A federal judge in Chicago has ruled against a government request which would require forced fingerprinting of private citizens in order to open a secure, personal phone or tablet.
The case revolved around the issues of modern smartphone encryption against both the Fourth Amendment protection against unreasonable search and seizure, and also the Fifth Amendment right to avoid self-incrimination.
In the ruling, the judge stated that while fingerprints in and of themselves are not protected, the government’s method of obtaining the fingerprints would violate the Fourth and Fifth amendments. The government’s request was given as part of a search warrant related to a child pornography ring. The court ruled that the government could seize devices, but that it could not compel people physically present at the time of seizure to provide their fingerprints “onto the Touch ID sensor of any Apple iPhone, iPad, or other Apple brand device in order to gain access to the contents of any such device.”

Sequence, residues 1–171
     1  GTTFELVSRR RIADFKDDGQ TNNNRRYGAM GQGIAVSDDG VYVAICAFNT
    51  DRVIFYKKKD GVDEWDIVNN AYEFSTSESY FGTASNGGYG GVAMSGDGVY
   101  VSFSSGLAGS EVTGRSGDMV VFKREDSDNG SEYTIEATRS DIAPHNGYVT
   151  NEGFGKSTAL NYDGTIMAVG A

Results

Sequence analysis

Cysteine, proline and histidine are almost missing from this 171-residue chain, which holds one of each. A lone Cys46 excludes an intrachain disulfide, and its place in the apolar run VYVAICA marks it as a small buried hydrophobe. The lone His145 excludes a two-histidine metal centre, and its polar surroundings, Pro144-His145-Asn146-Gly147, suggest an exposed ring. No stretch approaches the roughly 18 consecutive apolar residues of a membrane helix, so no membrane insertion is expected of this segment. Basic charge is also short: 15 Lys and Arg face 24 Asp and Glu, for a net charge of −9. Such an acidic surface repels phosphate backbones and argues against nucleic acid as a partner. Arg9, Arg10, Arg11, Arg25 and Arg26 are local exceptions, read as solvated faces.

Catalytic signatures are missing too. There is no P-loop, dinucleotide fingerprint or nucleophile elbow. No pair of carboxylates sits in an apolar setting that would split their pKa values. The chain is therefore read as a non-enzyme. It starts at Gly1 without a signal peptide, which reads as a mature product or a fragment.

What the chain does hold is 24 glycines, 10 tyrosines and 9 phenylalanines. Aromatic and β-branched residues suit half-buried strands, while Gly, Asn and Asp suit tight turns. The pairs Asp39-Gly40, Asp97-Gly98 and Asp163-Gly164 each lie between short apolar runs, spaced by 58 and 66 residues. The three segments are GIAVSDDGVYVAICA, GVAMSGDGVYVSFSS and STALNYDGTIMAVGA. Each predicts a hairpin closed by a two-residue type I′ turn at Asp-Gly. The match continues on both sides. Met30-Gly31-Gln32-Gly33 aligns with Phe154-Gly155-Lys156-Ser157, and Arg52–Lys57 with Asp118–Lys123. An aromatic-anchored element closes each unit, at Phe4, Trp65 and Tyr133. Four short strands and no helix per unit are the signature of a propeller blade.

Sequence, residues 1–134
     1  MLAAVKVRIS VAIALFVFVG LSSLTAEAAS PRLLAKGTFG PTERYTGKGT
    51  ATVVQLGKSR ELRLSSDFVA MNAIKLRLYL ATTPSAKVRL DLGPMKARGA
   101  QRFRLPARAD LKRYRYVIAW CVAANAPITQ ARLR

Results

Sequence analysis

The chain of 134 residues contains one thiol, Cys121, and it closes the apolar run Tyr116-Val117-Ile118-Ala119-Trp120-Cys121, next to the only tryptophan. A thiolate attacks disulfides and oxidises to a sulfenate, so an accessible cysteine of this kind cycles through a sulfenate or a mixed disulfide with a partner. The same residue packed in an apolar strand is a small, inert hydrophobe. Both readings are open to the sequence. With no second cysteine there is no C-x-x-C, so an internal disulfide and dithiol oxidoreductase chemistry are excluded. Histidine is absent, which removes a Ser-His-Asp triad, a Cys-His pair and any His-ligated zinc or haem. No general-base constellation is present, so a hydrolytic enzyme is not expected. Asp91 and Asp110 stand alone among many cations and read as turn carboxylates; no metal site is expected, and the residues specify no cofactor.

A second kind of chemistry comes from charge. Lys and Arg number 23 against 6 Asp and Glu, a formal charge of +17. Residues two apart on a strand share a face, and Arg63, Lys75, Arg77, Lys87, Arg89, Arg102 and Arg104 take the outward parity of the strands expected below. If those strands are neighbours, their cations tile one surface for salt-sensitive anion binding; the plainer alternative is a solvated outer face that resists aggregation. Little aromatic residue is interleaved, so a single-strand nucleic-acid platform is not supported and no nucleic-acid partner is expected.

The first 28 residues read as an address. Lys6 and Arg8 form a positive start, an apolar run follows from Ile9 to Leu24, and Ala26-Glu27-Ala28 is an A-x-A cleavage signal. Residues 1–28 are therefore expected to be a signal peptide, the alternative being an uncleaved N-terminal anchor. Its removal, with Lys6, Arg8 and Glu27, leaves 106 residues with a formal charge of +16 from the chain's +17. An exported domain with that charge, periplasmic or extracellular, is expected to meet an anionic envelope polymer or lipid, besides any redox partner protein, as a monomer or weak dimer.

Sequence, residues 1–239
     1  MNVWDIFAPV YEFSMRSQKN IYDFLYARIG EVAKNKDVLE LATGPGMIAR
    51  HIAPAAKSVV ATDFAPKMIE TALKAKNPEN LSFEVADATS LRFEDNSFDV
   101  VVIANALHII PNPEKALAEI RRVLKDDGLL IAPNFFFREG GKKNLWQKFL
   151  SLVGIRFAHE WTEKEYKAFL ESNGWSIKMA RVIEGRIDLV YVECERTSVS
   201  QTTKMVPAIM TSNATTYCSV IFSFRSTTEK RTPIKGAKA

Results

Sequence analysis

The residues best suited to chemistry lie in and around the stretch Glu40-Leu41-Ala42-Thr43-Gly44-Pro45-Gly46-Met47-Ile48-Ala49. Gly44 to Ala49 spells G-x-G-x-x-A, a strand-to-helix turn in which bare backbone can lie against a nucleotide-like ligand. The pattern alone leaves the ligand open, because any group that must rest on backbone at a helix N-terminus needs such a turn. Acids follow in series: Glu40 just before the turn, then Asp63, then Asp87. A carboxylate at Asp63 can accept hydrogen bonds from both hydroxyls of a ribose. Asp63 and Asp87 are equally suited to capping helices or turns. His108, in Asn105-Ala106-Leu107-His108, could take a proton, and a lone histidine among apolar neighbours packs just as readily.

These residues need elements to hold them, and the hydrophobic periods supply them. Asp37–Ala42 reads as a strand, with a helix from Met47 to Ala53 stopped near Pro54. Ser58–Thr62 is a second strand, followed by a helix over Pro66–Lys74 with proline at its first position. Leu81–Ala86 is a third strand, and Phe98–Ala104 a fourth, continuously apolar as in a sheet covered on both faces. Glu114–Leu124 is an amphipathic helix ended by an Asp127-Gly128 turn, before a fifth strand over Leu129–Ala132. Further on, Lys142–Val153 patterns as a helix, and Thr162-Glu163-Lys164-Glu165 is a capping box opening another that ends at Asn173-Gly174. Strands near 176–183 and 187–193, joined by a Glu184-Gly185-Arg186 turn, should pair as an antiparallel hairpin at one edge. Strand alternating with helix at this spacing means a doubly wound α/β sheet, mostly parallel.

You can read more about the ruling in the Ars Technica web site at: https://goo.gl/KY9zrB.
The article on the Ars Technica web site goes into some detail describing the reactions of several lawyers about this case, most of whom largely agreed with the judge’s ruling. The ruling will not set a legal precedent so other judges hearing other cases are not required to rule the same way. However, the latest ruling can be used as evidence of how other courts have ruled and a different judge, hearing a different case, will be discouraged from making an opposite decision as the opposing decision most likely can be appealed and possibly overturned.